Friday, December 19, 2014

Interstellar, Dark Shadows, and others

Interstellar


I’m a father who loves his children.  I’m a pilot who spends an enormous amount of time on the road.  I still own the copy of ­Black Holes and Warped Spacetime I ordered from the Science Fiction Book Club in 1982.  Interstellar could not have been more calibrated to my sensibilities if it had been coded to my DNA.


Here’s the setup: Earth is fast becoming uninhabitable.  In the first act, scientist Michael Caine tells hero Matthew McConaghey that his children will be the last generation to live to old age.  The solution?  A journey to another solar system, via wormhole, to find a habitable planet.

That’s a great setup for any number of films.  You could go thriller, horror, hamhanded political screed, religious allegory – you name it.  Interstellar blends aspects of exploration adventure and introspective head trip to create a film that evokes Kubrick’s 2001 while maintaining a sense of desperate tension.  All that, and it provides the best exploration of time dilation in popular science fiction since Joe Haldeman’s The Forever War.  There’s even a snappy android played by Sesame Street’s Mister Noodle.

Really, what more could you ask for?

Dark Shadows


Dark Shadows has all the elements of a solid horror-comedy: a classic vampire, a vampy villain, ghosts, and werewolves.  However, it never quite comes together.  Its hero is a genuine monster, making it hard to root for him.  Its villain has clear motivations that make no sense, its plot is muddled, and its climax says “to heck with it” and departs even from the rules of its own fantasy world.

And on and on and on.

One gets the feeling that some producer decided to exploit his or her rights to a nominally familiar horror franchise, called Tim Burton, and handed him a sack of cash.  Burton did his thing, complete with a real live Corpse Bride, but the movie spent too much time in production and not enough time in the word processor.

Ah, well.

My Fair Lady


My Fair Lady combines a fairly risible story (once you think about it) with one catchy production number after another.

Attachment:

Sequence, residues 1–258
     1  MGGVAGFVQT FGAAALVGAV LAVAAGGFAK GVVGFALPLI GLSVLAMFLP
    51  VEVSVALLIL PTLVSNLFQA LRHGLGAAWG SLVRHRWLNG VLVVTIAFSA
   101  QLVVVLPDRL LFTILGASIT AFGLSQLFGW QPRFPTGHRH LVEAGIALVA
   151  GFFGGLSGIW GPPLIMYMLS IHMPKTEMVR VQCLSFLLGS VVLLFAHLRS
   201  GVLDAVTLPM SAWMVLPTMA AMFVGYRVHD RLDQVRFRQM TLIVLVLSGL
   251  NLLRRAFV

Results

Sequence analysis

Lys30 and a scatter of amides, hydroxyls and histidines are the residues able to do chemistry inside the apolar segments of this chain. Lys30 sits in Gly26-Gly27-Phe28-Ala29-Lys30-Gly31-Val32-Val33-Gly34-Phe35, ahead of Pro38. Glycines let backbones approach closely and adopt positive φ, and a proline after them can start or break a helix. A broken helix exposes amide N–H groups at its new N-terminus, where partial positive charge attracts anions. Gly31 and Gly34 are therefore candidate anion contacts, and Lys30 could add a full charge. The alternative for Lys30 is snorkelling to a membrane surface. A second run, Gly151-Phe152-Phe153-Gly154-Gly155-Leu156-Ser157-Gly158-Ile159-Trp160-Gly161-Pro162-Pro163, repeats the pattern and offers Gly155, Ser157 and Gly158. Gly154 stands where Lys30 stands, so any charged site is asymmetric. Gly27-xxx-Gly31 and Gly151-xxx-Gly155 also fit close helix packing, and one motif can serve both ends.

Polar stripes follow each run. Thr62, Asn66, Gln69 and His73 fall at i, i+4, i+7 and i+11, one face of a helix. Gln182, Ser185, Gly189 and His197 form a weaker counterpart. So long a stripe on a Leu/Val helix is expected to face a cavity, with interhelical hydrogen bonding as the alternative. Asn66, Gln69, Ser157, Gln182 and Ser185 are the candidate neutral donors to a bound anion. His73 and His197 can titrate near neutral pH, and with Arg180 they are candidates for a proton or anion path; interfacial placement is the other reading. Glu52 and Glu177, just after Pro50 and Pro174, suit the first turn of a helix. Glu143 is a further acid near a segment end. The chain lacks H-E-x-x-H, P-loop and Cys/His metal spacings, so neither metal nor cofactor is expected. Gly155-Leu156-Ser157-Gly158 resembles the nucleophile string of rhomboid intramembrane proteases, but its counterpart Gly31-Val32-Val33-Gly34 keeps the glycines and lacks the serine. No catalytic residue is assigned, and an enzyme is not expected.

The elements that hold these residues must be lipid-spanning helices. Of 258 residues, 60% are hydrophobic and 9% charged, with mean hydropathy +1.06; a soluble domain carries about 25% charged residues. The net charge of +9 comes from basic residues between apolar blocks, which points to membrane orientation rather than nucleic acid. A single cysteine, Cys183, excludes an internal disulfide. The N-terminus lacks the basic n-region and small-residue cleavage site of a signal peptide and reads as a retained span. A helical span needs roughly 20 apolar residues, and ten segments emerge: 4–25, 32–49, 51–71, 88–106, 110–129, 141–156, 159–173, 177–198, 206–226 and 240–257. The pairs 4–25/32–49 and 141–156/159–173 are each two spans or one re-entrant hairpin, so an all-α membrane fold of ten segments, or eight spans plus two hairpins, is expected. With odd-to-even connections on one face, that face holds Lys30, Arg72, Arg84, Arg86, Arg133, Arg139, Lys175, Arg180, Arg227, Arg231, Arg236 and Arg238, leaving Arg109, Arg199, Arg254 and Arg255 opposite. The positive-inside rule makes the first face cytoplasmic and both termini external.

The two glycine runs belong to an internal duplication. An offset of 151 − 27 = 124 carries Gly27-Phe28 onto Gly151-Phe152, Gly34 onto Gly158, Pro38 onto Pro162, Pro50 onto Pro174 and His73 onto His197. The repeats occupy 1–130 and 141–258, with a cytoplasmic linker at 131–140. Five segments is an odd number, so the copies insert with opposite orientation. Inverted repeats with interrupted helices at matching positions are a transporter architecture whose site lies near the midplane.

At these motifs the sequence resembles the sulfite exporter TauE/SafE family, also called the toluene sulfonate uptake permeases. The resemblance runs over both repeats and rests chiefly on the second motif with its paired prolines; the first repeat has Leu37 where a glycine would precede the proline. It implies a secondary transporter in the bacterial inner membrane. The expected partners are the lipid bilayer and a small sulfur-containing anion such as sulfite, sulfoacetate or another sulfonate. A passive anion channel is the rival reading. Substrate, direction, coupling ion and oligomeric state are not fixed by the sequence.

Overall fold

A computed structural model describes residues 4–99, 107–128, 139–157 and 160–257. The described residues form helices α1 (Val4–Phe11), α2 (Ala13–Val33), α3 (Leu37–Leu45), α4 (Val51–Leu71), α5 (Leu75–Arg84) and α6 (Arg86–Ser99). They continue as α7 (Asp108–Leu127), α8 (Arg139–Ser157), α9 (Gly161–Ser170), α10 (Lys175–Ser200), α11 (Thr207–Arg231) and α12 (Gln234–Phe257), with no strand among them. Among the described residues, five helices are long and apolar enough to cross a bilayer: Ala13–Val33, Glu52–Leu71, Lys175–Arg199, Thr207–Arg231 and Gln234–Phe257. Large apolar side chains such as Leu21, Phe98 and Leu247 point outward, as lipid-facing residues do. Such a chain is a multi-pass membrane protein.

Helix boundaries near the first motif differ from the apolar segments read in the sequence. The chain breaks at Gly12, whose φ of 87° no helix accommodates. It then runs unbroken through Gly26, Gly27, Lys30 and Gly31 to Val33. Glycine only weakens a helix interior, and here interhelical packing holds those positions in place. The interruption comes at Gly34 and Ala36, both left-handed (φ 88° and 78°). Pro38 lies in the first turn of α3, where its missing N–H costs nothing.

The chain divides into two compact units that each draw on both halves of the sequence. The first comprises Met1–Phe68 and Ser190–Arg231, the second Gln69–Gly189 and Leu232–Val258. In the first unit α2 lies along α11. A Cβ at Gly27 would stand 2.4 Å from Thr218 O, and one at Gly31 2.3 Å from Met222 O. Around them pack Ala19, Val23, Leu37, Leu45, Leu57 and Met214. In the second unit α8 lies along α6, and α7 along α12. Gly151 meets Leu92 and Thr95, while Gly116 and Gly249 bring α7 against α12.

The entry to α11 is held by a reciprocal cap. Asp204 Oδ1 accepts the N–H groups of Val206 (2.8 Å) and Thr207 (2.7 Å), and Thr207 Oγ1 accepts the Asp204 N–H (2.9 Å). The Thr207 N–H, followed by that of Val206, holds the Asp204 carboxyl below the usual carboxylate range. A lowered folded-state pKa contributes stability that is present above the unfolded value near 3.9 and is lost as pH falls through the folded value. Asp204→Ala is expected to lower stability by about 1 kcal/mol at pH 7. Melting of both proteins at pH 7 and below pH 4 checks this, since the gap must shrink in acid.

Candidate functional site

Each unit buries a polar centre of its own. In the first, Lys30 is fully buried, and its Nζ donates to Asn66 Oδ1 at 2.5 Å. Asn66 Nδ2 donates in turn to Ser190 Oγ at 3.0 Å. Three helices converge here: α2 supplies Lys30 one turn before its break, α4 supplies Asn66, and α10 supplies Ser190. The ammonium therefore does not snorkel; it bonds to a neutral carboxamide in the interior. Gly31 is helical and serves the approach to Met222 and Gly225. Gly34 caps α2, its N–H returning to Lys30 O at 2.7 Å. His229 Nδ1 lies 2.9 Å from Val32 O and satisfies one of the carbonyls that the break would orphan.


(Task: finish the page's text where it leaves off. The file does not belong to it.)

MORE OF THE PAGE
I like catchy production numbers.  I’m still humming “Ascot Opening Day.”  I’ll watch this any time it comes on.

The World’s End


The World’s End is lovely.  While hampered by a rocky first act, the picture gets to swinging once the world actually begins to end.  It’s funny, it’s heartfelt, and it’s a winner.

Much Ado About Nothing


Meh.  There ain’t no Beatrice and Benedick like Emma Thompson and Kenneth Branagh’s Beatrice and Benedick.

The Heroic Trio


Oh, what an abomination.  Stupidly plotted, poorly choreographed, badly shot, and amateurishly dubbed, The Heroic Trio is a sad waste of the talents of Maggie Cheung, Michelle Yeoh, and Anita Mui.  Give it a pass.

Tuesday, December 16, 2014

Mrs. Miniver

Mrs. Miniver is a propaganda film, pure and simple.  Its prologue reads, “This story of an average English middle-class family begins with the summer of 1939; when the sun shone down on a happy, careless people, who worked and played, reared their children and tended their gardens in that happy, easy-going England that was so soon to be fighting desperately for her way of life and for life itself.”  Its epilogue:  “AMERICA NEEDS YOUR MONEY BUY DEFENSE BONDS AND STAMPS EVERY PAY DAY.”  (Source: IMDb)  


The film (directed by William Wyler) introduces us to The Minivers, the aforementioned average middle class family.  It tells us that they’re an average middle-class family, but it lies.  They’re well above average.  In fact, I’d call them rich.  They live in a beautiful home and have servants.  Their oldest son is away at Oxford, and he woos the granddaughter of the local noblewoman.  Mr. Miniver owns a yacht, Mrs. Miniver splashes out on ridiculously expensive hats, and the couple drives a car that’d cost somewhere in the neighborhood of $75,000 today.

Over the course of the film, we see the Minivers overcome adversity, do their duty, spread joy, and generally be happy.  When the Blitz wreaks havoc on their cozy village, we in the audience are supposed to feel compelled to buy war bonds to –what?  Help these nice rich people keep being nice and rich?  To preserve an ideal of an England that never was?